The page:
Format: DVD from Kankakee Public Library through interlibrary loan on laptop.
Every now and then I get reminded of something that I should remember more often. You should never judge what a movie is going to be about before you actually watch the movie. I figured that a movie called Ragtime would be a drama that centered on people playing ragtime music. I expected something akin to a Scott Joplin soundtrack and a movie that took place in dance halls and the like. That’s not what this is about, although there is a character who plays a little ragtime piano. This is far more about race and class than it is about anything else.
It’s also one of those films that has a bunch of characters who all interact with each other on different levels and in different ways. Very oddly, some of the main characters are never named and are referred to in the credits only has Father (James Olson), Mother (Mary Steenburgen), and Younger Brother (Brad Dourif). As is often the case with a film like this, it’s easier to talk about each story individually than to go with a chronological blow-by-blow.
During the ragtime era around the turn of the last century, Father runs a successful business that deals with things like bunting, trophies, and the like. Younger Brother is his brother-in-law, and he runs the fireworks side of the business, which has suddenly become the firm’s most profitable area. One day, the family finds a young black infant in their garden. Soon enough the police have a potential culprit for abandoning the baby. This is Sarah (Debbie Allen), who is saved from prosecution by Mother, who hires her on the spot.
Eventually, we meet Coalhouse Walker Jr. (Howard Rollins), a piano player and the father of the child. He shows up because he now has a steady job and this means that he can marry Sarah and take care of their child. Eventually, the family learns to accept Coalhouse, who is educated, well-spoken, and talented. However, being those three things makes him a target, and he is harassed by the members of a volunteer fire brigade, mostly because Coalhouse owns his own Model T. What happens with the Model T is what drives the bulk of the third act.
Alongside this story is that of Henry Thaw (Robert Joy) and Evelyn Nesbit (Elizabeth McGovern), Henry shoots an artist who has used Evelyn as a model for a nude statue. Evelyn has been promised a million dollars from Henry’s family if his trial turns out favorably, which makes her perjure herself on the stand. However, since she has also started an affair with Younger Brother, things don’t work out the way she plans. Instead, she goes back to her former days on the stage and becomes a movie actress, working for an artist named Tateh (Mandy Patinkin), who eventually begins a relationship with Mother.
The third act turns around Coalhouse Walker’s Model T. He wants justice for what happens to his car, and he’s not able to get it, which causes him to being a reign of terror targeting volunteer fire stations around New York. Eventually, it leads to Coalhouse and a group of friends (including Younger Brother, who uses his knowledge of fireworks to supply the men with explosives) take over the Pierpont Morgan Library in an effort to force the situation. This brings out Police Commissioner Rhinelander Waldo (James Cagney in his last big screen role) to mediate the situation as best he can, with the assistance of Booker T. Washington (Moses Gunn).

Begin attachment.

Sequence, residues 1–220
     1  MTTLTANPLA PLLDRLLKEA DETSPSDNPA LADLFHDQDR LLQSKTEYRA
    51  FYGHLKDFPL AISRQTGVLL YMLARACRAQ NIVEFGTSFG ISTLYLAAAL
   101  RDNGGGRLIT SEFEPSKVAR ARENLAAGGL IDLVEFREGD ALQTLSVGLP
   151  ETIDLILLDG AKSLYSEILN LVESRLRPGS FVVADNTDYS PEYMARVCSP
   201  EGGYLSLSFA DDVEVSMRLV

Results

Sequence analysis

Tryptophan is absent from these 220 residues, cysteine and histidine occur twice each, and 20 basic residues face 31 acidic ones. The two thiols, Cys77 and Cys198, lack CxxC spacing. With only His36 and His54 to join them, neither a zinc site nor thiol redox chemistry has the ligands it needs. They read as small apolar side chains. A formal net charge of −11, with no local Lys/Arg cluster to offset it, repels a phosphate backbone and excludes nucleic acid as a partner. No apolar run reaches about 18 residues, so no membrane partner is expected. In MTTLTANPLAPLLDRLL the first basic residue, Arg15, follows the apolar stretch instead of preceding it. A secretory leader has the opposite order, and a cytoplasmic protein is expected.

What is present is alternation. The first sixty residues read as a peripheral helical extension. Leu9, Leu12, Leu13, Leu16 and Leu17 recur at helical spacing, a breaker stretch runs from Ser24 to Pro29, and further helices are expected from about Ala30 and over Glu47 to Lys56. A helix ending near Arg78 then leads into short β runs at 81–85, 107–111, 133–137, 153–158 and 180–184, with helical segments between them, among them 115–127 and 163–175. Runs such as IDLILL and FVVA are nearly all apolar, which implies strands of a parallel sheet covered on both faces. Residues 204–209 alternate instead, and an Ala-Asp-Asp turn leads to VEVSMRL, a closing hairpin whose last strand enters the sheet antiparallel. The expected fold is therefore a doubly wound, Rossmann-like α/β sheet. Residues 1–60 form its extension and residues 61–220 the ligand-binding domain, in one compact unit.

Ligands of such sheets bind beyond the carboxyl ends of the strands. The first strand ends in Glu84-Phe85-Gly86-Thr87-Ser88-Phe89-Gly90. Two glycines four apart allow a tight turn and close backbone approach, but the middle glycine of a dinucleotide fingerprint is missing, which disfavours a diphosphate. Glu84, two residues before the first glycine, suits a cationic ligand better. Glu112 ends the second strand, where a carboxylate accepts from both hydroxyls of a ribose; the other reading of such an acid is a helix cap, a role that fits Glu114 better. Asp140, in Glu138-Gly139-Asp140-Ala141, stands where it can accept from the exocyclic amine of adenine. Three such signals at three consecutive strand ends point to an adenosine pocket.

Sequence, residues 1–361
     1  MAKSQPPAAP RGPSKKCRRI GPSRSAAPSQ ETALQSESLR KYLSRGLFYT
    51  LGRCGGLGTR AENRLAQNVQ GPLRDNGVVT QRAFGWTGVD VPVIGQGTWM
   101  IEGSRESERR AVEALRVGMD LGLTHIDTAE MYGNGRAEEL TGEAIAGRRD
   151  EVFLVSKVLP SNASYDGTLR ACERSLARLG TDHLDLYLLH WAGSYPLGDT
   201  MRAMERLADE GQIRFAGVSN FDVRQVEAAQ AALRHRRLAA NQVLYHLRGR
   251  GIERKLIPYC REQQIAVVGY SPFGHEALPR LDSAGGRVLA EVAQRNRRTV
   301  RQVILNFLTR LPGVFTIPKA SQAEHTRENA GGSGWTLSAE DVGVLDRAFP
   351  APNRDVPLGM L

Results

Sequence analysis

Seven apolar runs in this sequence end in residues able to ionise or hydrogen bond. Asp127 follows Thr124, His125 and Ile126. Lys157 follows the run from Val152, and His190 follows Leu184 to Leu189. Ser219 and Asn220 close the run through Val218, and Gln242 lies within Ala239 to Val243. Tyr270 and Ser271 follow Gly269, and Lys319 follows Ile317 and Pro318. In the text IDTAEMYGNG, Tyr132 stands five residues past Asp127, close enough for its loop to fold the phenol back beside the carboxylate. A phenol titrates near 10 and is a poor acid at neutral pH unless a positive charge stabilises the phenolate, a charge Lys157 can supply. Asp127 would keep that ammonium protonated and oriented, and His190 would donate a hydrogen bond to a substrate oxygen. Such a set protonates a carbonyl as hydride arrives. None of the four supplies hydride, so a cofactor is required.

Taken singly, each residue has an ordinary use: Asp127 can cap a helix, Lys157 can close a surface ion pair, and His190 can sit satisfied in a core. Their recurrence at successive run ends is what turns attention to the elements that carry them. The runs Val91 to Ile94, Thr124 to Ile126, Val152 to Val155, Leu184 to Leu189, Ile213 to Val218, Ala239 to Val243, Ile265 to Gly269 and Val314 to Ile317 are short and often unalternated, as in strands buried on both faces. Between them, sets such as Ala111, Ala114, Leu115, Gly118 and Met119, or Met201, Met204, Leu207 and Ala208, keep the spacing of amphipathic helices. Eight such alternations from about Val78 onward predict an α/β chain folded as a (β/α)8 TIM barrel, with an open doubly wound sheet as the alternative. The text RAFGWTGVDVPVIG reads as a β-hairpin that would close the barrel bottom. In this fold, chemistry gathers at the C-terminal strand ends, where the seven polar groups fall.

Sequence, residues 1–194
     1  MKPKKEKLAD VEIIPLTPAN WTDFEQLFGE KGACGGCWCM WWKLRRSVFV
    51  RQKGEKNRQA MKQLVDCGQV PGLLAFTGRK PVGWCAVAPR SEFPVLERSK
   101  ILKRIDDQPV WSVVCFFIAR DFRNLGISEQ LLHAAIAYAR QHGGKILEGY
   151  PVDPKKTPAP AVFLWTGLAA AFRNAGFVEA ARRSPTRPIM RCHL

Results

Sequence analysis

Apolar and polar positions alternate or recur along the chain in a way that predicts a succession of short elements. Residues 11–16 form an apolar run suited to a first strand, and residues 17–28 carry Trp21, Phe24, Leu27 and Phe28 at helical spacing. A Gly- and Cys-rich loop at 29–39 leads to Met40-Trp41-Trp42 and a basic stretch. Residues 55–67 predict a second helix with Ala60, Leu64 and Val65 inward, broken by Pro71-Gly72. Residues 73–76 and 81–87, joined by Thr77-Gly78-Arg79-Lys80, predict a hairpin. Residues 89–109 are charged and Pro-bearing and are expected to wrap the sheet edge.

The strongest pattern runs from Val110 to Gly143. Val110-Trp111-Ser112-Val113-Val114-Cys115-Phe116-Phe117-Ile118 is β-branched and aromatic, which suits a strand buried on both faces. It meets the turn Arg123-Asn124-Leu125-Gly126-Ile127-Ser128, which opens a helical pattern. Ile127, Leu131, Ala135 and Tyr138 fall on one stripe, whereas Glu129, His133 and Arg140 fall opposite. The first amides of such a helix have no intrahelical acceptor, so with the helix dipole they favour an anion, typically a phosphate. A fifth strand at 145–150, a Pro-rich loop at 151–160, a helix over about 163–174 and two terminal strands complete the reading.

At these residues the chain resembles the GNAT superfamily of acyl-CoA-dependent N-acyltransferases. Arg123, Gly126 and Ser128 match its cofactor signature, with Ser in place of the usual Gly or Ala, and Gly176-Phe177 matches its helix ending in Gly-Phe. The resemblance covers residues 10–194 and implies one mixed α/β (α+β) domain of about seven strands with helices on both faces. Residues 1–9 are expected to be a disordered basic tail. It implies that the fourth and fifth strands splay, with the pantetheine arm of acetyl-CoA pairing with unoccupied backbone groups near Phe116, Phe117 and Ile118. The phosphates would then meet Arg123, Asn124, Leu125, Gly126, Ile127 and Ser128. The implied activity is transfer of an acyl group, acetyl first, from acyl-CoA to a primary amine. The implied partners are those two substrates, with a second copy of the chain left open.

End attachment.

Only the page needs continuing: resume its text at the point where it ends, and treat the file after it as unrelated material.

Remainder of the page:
So the story is fairy complex and takes a lot of turns, but this is well-directed enough to be easy to follow. It also turns mostly on the performances, a few of which are key. Howard Rollins, certainly, is one of the major players here. There’s a reason he was nominated for Best Supporting Actor for this role. He brings both intense anger and a sort of quiet dignity to the role of Coalhouse Walker, and he’s perfectly cast. I also like Brad Dourif here, but that’s not a huge shock since I tend to like Brad Dourif in general. The same can be said of Moses Gunn, who is a personal favorite character actor of mine.
I want to mention Cagney as well. This is a man in his eighties acting in this role, and Cagney is great start to finish. He’s completely in charge when he’s on the screen, and like Rollins, adds a huge amount of gravitas to the role he is playing. His voice is completely unmistakable, so there is no doubt that this is Cagney playing the role, but he’s also a complete character. He’s totally believable, and the man hadn’t really lost a step since his heyday.
The screenplay is impressive in the way that it juggles all of the various plots and manages to do this seamlessly and without confusion. I’d have liked the three characters to have names, but that’s a minor quibble since it actually never shows up in the movie itself. All the way through, this is a story that makes perfect sense and every escalation of things is, while extreme for the offense committed, is believable on all sides.
All in all, Ragtime is a good film, even a very good one, but not really a great one. Despite Forman’s solid direction, this is a film that meanders far too much to e truly great. I don’t think it’s bloated at all since I can’t think of anything I’d cut, but it does feel like it’s trying to do too much even in the context of a fairly long film.
Why to watch Ragtime: A sweeping story that still has some social impact today.
Why not to watch: It’s not always sure what story it wants to tell.